Author: NRMA MediaDate: 10 February 2010
If action is not taken now, Australia will be almost entirely dependent on oil imported from some of the most volatile parts of the world for our transport and security needs within 10 years.
According to Fuelling Future Passenger Vehicle Use in Australia, by the NRMA-commissioned Jamison Group of scientists, Australia's dependence on foreign oil will increase from 55 per cent to over 80 per cent in less than 10 years if the status quo remains.
Australia's willingness to rely on overseas oil to fuel its economy could leave the nation with an oil trade deficit of over $25 billion within just five years, negating any of the economic benefits the nation might gain from its minerals boom.
Since the release of the Jamison Group's first report in 2008 world oil prices fell from $140 a barrel to a low of $40 a barrel. However, in that time Australia grew complacent because of cheaper prices at the bowser.
The report states that if Australia fails to act there will be severe implications across all sectors of the economy, security and the environment.
"Within 10 years four out-of-every five litres of petrol we put in our cars will be imported from some of the most politically unstable corners of the globe," NRMA Motoring & Services President Wendy Machin said.
"If political or economic unrest sees a sudden halt to the oil tankers coming to our shores then Australia will have to immediately reduce its daily oil consumption by more than 80 per cent.
"Our dwindling fuel supplies will have to be shared amongst our emergency services, armed forces, freight, public transport, industrial and domestic needs.
"If we choose to ignore the economic, lifestyle and environmental implications that will come by not addressing our future transport energy needs than surely a reduced capacity to defend ourselves is enough reason to act.
The Jamison Group has proposed a series of steps required to end Australia's dependence on imported oil and secure its own transport energy future.
The first critical step is for the Australian Government to establish a national energy plan and a department specifically charged with the developed of alternatives and the fast-tracking of electric vehicle infrastructure.
The report warns that there is no silver bullet solution to securing Australia's transport energy future and calls on the Australian Government to adopt a five step approach:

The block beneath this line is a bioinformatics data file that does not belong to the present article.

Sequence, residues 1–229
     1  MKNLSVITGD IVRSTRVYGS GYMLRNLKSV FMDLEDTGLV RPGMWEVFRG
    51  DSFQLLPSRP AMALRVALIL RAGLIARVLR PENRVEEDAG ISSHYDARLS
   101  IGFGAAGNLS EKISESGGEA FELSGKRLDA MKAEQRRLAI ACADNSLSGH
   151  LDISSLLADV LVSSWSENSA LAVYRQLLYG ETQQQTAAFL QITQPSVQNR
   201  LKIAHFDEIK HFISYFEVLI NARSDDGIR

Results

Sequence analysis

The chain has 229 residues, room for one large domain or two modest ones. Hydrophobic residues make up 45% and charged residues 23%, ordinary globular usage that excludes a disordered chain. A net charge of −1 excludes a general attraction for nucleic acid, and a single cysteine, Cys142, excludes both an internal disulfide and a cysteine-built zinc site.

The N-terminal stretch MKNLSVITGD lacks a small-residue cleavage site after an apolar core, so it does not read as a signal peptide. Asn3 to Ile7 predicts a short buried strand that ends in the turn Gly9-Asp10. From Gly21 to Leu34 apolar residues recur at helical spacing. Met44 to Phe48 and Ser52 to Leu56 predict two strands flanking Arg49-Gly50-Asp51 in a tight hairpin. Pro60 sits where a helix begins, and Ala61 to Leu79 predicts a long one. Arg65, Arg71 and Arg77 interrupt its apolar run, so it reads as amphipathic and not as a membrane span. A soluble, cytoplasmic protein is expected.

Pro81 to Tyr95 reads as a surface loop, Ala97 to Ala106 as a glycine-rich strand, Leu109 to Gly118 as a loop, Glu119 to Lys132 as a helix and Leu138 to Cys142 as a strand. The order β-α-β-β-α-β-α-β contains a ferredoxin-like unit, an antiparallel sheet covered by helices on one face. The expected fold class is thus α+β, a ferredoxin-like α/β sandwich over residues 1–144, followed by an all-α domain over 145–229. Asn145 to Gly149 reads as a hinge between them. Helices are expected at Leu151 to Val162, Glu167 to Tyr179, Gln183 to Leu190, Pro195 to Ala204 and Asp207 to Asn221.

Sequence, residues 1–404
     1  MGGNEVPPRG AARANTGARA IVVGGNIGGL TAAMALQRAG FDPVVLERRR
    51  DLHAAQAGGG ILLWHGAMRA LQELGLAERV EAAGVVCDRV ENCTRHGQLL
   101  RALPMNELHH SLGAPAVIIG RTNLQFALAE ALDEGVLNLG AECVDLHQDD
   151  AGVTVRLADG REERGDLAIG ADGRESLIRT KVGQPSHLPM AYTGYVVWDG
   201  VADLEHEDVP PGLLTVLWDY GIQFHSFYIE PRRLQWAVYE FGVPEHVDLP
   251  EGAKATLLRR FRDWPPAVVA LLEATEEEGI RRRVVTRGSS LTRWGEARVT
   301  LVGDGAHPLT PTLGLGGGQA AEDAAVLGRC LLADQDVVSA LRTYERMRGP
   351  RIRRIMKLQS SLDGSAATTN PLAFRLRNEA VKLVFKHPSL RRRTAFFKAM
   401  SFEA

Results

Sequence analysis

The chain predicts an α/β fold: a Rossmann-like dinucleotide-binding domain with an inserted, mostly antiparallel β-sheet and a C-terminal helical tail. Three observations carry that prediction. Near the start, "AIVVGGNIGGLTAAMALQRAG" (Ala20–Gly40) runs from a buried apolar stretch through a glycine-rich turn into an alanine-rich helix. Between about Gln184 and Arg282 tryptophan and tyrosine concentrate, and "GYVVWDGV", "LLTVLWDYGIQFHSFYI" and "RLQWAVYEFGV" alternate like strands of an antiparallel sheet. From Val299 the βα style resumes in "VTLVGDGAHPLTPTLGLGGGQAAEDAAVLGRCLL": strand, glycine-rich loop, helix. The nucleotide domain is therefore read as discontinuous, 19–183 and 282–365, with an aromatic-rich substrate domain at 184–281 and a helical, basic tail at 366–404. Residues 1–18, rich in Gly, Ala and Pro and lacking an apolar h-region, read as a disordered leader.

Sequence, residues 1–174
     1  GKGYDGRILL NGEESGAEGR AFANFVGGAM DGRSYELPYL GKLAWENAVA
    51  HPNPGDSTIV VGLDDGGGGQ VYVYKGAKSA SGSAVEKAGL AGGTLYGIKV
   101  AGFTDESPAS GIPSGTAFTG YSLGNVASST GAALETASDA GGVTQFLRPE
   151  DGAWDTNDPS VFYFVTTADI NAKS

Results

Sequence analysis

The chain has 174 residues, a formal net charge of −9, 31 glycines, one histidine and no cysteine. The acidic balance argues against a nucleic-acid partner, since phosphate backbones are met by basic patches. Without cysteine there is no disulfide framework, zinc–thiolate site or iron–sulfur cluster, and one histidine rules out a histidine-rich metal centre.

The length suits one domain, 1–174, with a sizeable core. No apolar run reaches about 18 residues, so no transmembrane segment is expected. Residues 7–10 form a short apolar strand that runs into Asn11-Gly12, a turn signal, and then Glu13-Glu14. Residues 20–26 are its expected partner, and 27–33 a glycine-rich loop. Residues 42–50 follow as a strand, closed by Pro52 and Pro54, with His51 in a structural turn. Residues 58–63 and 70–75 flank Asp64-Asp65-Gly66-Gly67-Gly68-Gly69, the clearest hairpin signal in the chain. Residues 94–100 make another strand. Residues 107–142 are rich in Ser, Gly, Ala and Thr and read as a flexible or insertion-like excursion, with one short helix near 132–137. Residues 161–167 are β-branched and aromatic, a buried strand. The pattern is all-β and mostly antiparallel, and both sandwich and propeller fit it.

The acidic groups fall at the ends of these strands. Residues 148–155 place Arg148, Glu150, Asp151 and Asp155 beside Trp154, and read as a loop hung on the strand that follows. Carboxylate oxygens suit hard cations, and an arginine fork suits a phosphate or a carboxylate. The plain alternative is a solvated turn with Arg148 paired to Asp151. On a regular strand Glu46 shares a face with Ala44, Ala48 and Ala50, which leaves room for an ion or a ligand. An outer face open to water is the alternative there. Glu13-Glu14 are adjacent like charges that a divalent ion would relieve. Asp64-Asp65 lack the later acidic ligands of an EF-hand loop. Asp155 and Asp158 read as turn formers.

While electric vehicles and charging stations are identified as a key step to securing the nation's transport energy future, the report also warns that there will be little benefit to the environment unless Australia produces more electricity from renewable sources.
The report states that steps taken now could see Australia's replace coal-generated electricity with gas and wind, biomass, solar, thermal and marine energy within 20 years. Electric vehicles running on this electricity would produce zero emissions.
"Australia is in a much better position to tackle this problem because of the abundance of resources we have and the capacity for innovative research and development - what we need now is leadership," Ms Machin said.
"While we export record amounts of gas to other parts of the world for their energy use, we should also start developing it for our own transport consumption at home.
"We know that we can increase our production of bio-fuels from non-food sources as a short-term measure to reduce our dependence on oil and legislate to ensure cars are more fuel efficient.
"We must also fast-track the adoption of the electric car and charging stations as a viable alternative to the internal combustion engine.
"However, unless we upgrade our electricity grid to be generated by renewable energy than there will be no environmental benefit gained from doing away with oil.
"These are the challenges Australia must face - we can no longer afford to adopt a 'she'll be right mate attitude'."
The Jamison Group was established by the NRMA following its 2006 Alternative Fuel Summit. A second summit will be held 3 March 2010 in Sydney. The independent group comprises scientists David Lamb, John Mathews, Mark Diesendorf and Graeme Pearman.
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